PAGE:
About six weeks ago I joined this forum searching for answers why my '88 190E 2.6 is on the ragged edge of California's ASM emission test (HC at 15 MPH), and though I didn't get much response to that initial post, reading the various threads on 103 issues has given me a real education along with Dan Landis' procedure to check the O2 sensor duty cycle ( www.landiss.com/mixture.html
Yesterday along with a friend who is an accomplished gasoline and HD diesel engine mechanic, we ran a compete series of tests on my engine. Along with my input of new knowledge from this forum we studied every bit of Bosch and DB documentation on the KE system in our combined libraries.
The idle duty cycle was in the range of 50-55% and 40-45% at 2000, which is within the accepatable range. The closed circuit O2 sensor output was close to a square wave with the voltage jumping between the range of 0.7 to 0.2 with a frequency of about 0.5 to 1.0 Hz, so the O2 sensor behavior appears perfectly normal.
Sean did an "informal" test he learned back when he worked on spark ignition engines. He "wired" himself in series between the positive battery terminal and the O2 sensor signal line. This provides a constant voltage bias of close to 1.0V, and if the control system is working properly, it should bias the mixture lean until it hits the limit of control range at which point the engine should be exhibiting a rough idle. Sure enough from a smooth 700 RPM @ 16-16.5" the vacuum slowly dropped to 13-14" with obvious roughness from lean misfire. Speed stayed the same due to the idle control system, and it took about 10 seconds to achieve the final steady state vacuum and roughness.
From 2500 @ 20" no load, the engine became rough as the speed and vacuum dropped to 1600 @ 18.5", again in about 10 seconds.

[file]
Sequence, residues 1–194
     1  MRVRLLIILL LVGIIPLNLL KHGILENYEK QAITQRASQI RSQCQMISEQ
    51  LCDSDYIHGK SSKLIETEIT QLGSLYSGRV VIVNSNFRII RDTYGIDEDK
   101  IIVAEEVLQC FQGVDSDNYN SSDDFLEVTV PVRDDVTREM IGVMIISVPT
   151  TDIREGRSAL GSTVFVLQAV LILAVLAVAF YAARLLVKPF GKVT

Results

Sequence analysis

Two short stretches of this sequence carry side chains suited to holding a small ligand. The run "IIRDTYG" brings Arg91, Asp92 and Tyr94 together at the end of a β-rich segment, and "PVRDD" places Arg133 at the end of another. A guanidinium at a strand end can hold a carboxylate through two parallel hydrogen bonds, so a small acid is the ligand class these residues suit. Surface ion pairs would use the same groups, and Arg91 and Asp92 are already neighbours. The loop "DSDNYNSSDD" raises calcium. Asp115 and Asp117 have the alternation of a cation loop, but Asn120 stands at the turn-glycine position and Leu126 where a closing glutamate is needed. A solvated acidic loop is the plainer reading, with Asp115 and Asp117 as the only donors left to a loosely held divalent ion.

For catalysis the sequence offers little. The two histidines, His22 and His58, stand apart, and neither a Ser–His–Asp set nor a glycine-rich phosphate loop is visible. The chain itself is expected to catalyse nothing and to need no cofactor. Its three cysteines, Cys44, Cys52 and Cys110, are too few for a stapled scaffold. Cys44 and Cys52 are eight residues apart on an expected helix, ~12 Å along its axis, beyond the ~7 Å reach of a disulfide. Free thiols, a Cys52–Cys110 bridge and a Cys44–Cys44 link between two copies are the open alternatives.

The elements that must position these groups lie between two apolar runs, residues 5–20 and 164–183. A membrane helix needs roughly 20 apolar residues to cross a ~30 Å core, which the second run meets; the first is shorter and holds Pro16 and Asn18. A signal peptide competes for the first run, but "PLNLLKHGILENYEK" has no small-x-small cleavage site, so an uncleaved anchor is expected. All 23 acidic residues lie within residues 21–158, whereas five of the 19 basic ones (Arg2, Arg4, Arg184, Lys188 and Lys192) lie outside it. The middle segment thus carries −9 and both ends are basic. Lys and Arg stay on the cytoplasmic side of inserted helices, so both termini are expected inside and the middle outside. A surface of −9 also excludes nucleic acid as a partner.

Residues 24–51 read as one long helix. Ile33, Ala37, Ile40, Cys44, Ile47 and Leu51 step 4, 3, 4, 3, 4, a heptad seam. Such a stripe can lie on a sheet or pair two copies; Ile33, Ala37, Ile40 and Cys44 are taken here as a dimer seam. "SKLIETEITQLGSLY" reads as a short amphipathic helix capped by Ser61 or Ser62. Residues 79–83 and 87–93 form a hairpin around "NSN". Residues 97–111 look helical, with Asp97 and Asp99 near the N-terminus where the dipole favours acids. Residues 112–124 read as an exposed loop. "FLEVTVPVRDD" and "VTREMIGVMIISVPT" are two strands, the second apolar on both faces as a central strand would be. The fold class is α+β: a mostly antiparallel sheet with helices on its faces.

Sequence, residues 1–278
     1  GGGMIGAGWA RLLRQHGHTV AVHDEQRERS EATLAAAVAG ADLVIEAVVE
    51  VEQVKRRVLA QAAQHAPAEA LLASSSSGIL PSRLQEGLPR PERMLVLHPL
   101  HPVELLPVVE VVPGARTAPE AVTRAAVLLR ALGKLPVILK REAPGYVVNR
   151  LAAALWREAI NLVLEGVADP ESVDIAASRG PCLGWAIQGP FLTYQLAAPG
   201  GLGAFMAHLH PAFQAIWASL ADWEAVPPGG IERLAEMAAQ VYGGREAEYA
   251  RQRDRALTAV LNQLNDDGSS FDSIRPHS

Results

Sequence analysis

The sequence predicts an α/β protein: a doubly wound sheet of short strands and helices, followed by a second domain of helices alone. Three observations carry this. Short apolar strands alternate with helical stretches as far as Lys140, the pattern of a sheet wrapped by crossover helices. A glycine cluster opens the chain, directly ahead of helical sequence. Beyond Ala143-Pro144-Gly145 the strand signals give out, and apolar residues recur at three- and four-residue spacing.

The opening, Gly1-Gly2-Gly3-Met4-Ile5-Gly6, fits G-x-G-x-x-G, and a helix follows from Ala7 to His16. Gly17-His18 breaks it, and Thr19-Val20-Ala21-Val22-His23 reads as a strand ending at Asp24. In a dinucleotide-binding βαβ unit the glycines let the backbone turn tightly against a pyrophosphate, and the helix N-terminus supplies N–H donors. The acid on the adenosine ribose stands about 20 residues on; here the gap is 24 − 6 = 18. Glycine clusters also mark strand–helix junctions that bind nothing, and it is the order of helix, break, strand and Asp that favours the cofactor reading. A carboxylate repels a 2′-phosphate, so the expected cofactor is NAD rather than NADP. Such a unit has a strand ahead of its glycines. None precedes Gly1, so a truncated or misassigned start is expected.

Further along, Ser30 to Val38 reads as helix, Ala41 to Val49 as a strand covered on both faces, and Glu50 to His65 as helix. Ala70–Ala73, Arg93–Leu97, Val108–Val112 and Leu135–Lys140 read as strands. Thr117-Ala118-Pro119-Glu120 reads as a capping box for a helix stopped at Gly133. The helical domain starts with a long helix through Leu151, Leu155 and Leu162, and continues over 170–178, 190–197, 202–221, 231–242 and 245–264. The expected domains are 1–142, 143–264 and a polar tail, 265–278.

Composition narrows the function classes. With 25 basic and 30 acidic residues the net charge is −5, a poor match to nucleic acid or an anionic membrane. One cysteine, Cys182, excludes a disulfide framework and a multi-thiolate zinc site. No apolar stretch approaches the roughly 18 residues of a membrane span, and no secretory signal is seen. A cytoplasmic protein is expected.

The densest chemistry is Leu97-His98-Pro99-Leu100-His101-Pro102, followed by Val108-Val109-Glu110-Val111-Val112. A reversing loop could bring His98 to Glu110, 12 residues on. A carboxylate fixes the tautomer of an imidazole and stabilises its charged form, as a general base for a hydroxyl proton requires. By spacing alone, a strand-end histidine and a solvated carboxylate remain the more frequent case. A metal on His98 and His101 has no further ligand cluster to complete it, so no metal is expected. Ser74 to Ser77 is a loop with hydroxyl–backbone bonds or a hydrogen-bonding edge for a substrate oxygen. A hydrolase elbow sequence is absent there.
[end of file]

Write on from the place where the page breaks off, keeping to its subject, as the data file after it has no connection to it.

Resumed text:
Bottom line is: Nothing appears to is amiss on my KE, but I still haven't figured out why I have relativelly high HC and CO with only 0.1% O2. If the O2 was higher I might be willing to believe that the converters are degraded, but once all the O2 that comes from the native exhaust or is produced from NOx disassociation is consumed, the converter can't do anything more. (The NOx numbers are about average for my year group and well below the limit.)
We figured that an air pump would make it squeaky clean, but in '88 there was no air pump or EGR. I do recall that DB added EGR to the '89 2.6, but did they ever add an air pump to the 103s?
I'm beinging to think that the '88 engines were certified with less margin relative to the standards, so they tend to show high numbers in field testing, and the later adding of EGR and (?) air pump lowered the certification emissions and provides more margin in field testing.
Thanks to everyone who contributed to our education, but Sean and I are still scratching our heads about how the air flow plate position sensor affects idle quality. I don't disbelieve it. I just can't understand why nothing in the Bosch or DB documentation we have says anything about the function of the air flow valve position indicator other than cold acceleration enrichment.